Food fortification or enrichment is the process of adding micronutrients to food. It can be carried out by food manufacturers, or by governments as a public To replace nutrients which were lost during manufacturing of the product (e.g. the Retinol, the active form of Vitamin A, is toxic in a much lower dose than other forms.

Wheat flour

Bread is a staple food prepared by baking a dough of flour and water. The virtually infinite combinations of different flours and differing proportions of ingredients, has resulted in the wide variety of types, shapes, sizes, and textures available around the world. It may be leavened aerated by a number of different processes ranging from the use of naturally occurring microbes to high-pressure artificial aeration during preparation and baking, or may be left unleavened. A wide variety of additives may be used, from fruits and nuts to various fats, to chemical additives designed to improve flavour, texture, colour and shelf life. Bread may be served in different forms at any meal of the day, eaten as a snack and is even used as an ingredient in other culinary preparations. As a basic food worldwide, bread has come to take on significance beyond mere nutrition, evolving into a fixture in religious rituals, secular cultural life and language. Our bread provides energy for daily living. Did you know that bread is the third biggest contributor of protein in our daily diet? Protein is essential for growth, development and repair of the body. At Pat The Baker we source wheat with high protein content to provide a high protein content bread.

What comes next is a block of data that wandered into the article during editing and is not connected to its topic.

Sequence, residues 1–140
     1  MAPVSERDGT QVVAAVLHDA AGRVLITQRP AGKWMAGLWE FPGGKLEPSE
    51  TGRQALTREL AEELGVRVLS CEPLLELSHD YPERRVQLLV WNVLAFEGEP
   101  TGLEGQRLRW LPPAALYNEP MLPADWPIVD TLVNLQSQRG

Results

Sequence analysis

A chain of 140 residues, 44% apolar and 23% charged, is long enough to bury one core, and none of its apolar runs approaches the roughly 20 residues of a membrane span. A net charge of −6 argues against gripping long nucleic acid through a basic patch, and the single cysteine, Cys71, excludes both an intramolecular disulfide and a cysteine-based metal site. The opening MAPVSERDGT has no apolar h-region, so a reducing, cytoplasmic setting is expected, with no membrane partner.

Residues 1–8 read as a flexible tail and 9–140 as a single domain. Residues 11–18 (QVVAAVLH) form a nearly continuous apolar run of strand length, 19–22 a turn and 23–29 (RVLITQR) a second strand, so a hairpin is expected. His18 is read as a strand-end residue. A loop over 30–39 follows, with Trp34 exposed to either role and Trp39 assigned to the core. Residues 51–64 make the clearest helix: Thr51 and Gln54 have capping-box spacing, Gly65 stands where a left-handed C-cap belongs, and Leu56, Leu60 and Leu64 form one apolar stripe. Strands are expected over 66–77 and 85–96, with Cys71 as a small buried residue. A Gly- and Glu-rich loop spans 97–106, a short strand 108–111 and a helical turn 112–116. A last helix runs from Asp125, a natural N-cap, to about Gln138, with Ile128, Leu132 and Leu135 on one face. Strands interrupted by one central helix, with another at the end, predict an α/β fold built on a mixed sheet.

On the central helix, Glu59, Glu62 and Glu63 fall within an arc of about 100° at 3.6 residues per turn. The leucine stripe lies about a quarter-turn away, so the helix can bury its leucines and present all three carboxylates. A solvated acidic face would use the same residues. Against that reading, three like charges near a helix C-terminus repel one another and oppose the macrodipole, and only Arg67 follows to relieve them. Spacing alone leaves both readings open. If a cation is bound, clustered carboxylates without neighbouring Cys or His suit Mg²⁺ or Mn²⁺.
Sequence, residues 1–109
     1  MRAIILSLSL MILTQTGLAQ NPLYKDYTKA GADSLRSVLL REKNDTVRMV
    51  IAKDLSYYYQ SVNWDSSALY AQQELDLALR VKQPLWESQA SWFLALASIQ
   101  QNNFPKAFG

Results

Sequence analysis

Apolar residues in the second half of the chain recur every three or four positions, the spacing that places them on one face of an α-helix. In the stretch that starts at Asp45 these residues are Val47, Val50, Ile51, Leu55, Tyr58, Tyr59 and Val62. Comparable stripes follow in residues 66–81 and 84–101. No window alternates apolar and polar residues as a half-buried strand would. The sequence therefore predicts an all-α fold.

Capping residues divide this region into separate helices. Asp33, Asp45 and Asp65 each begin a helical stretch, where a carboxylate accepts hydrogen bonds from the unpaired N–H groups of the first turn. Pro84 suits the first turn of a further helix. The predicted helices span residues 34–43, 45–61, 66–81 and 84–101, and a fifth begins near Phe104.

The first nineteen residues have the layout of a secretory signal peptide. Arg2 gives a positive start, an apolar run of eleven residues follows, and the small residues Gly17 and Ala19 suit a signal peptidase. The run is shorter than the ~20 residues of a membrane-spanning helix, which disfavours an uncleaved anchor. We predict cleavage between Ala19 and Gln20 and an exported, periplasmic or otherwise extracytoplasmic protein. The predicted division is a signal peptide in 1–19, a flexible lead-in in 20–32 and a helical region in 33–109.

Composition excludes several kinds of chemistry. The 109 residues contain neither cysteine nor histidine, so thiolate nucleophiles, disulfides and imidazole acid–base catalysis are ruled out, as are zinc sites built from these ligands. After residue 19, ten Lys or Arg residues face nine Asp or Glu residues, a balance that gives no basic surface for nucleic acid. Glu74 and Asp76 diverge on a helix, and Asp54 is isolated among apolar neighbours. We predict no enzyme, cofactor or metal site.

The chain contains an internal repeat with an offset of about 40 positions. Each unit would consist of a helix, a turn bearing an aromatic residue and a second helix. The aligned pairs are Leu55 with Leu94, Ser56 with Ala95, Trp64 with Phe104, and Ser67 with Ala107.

Enriched or Fortified Foods on Labels

Bread has been a staple food around the world for thousands of years. People continue to consume it because of its convenience, portability, nutrition, and taste. There are many different types of bread, which people make in different ways, using a variety of ingredients. Examples include whole-grain bread, sweetened bread, cornbread, leavened and unleavened bread, flatbread, sourdough, sprouted grain bread, soda bread, and many more. This article looks at some aspects of bread that may make one type of bread more or less healthful than another. Carbohydrates are the primary nutrient in bread. Carbohydrates provide the body with fuel. Fruits, vegetables, beans, and minimally processed grains contain the most healthful dietary sources of carbohydrates. These foods also provide vitamins , minerals, fiber, and antioxidants. People make packaged and presliced white bread from a highly processed, simple carbohydrate.

When it comes to baking healthy bread, the simplest way to boost nutrition is to use whole-grain flours. Bread, like most foods, is generally healthier when made with whole, unprocessed ingredients without a lot of additives. I'll show you how to choose which flours and other ingredients are best for making healthy breads, and how to work with them so your bread turns out just right. I'll also point you to top-rated bread recipes that are packed with nutrients and taste great, too.

You'll sometimes see the words enriched or fortified on processed foods, often with additional health or nutritional claims. In some ways, enrichment and fortification are similar, but the terms aren't truly interchangeable. You could say that enrichment is a form of fortification, but fortification is not the same as enrichment.

Gerard Smith is a freelance photographer and photo illustrator who has collaborated with Wayne Gisslen since Educated at Pratt Institute, he specializes in food, travel, and commercial photography.

Also available in printable brochure format PDF kb. For centuries, ingredients have served useful functions in a variety of foods.